Before the start of business, Just Security provides a curated summary of up-to-the-minute developments at home and abroad. Here’s today’s news.
PRESIDENT TRUMP’S FOREIGN POLICY
Executive orders including a temporary ban on most refugees and a suspension of visas for citizens of Syria and six other Middle Eastern and African countries are expected to be signed by President Trump today, Julia Edwards Ainsley reports at Reuters.
Trump will also order the building of a Mexican border wall today, signing an executive order directing federal funds toward its construction, and is considering a number of other orders in the coming days including whether to resume the once-secret “black site” detention program, keep Guantánamo Bay detention facility open, and designate the Muslim Brotherhood a terrorist organization. Julie Hirschfeld Davis, David E. Sanger and Maggie Haberman report at the New York Times.
Defense Secretary James Mattis will visit South Korea and Japan next month to reaffirm the US’s commitment to its Asian allies, though regional experts fear that this effort could be undermined by President Trump’s “America first” rhetoric, Byran Harris writes at the Financial Times.
Israel approved a new wave of settlement construction in the occupied West Bank yesterday emboldened to ignore international pressure by President Trump’s stance, the New York Times’ Isabel Kershner reports.
“Forget the two-state solution.” While in the past such announcements from Israel would lead to immediate condemnation and concern from the US, the White House and the State Department both demurred when asked for comment yesterday, but Ishaan Tharoor at the Washington Post warns that giving Israel carte blanche puts it on a collision course with the rest of the world.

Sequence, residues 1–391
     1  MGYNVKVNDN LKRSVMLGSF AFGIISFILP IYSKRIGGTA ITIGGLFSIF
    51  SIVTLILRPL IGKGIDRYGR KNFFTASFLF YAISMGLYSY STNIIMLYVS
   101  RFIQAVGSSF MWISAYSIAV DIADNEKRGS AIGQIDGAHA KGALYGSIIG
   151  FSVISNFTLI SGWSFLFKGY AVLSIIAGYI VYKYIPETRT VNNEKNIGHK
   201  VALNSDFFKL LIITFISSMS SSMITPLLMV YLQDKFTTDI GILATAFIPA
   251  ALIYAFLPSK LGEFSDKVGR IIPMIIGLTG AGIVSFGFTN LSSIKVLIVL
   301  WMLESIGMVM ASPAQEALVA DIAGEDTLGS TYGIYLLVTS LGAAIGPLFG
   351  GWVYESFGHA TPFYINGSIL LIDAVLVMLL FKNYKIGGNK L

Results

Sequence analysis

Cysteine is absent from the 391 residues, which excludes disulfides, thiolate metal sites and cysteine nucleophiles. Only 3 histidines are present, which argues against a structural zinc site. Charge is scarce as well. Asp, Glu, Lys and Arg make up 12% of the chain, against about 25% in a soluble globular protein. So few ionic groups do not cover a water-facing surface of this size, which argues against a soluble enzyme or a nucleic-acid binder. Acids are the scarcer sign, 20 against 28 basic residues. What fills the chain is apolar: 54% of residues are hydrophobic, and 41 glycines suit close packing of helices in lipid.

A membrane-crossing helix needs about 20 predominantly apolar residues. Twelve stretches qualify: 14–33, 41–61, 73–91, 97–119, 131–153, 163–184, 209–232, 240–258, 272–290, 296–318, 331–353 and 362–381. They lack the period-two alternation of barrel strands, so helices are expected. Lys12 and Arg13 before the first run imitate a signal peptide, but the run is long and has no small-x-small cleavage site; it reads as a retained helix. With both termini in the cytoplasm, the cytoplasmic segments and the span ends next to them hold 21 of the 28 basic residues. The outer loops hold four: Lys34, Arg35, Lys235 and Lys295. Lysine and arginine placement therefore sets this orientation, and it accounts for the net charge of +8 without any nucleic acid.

Trump’s embrace of Israel means that leaders of the Jewish state will have to decide what it is they want from America, and on that issue, there is sharp division, writes David Ignatius at the Washington Post.
Before Trump’s son-in-law Jared Kushner can fulfil his appointed task of brokering a Middle East peace deal, he needs someone to broker a peace deal between the Palestinians themselves, writes Jonathan Schanzer at POLITICO MAGAZINE.
Sen. John McCain will fight Trump on reinstating torture, he told The Daily Beast’s Tim Mak.
What will Trump do about Afghanistan? Justin Rowlatt at the BBC examines Trump’s contradictory views on what he calls “one of the most pressing issues” for the new president.
North Korean leader Kim Jong-un sees the Trump presidency as “a good opportunity for him to open a kind of compromise with the new American administration,” according to the most senior North Korean diplomat to defect in recent years, Thae Yong Ho. CNN’s Paula Hancocks reports.
Trump’s only option for stopping North Korea’s nuclear program is “reinvigorated diplomacy, followed by significantly ratcheting up the pressure if it fails,” but will the President take this chance to succeed where many have failed, contemplate Joel Wit and Richard Sokolsky at POLITICO MAGAZINE.
Trade, rather than national security, dominates Trump’s worldview, according to John Robb who runs the Global Guerrillas blog, Simon Denyer at the Washington Post pointing out that, if true, it’s bad news for China and countries like Mexico, Germany and Japan.
THE TRUMP NOMINEES
South Carolina Gov. Nikki Haley was confirmed as the next US ambassador to the UN yesterday, Anne Gearan reports at the Washington Post.
Sen. Joe Manchin (D-W.Va) is the first Democrat to support the nomination of Rex Tillerson as secretary of state, the Hill’s Jordain Carney reports.
Trump’s pick to head the White House budget office Rep. Mick Mulvaney (R-S.C.) is an “impediment” to supporting the US military, Sen. John McCain (R-Ariz.) said yesterday, Sylvan Lane reporting at the Hill.
“Good luck” keeping James Comey on as FBI Director, writes the Wall Street Journal editorial board, predicting that the Trump administration will come to regret the decision to retain the man it says should be “embraced with extreme political caution.”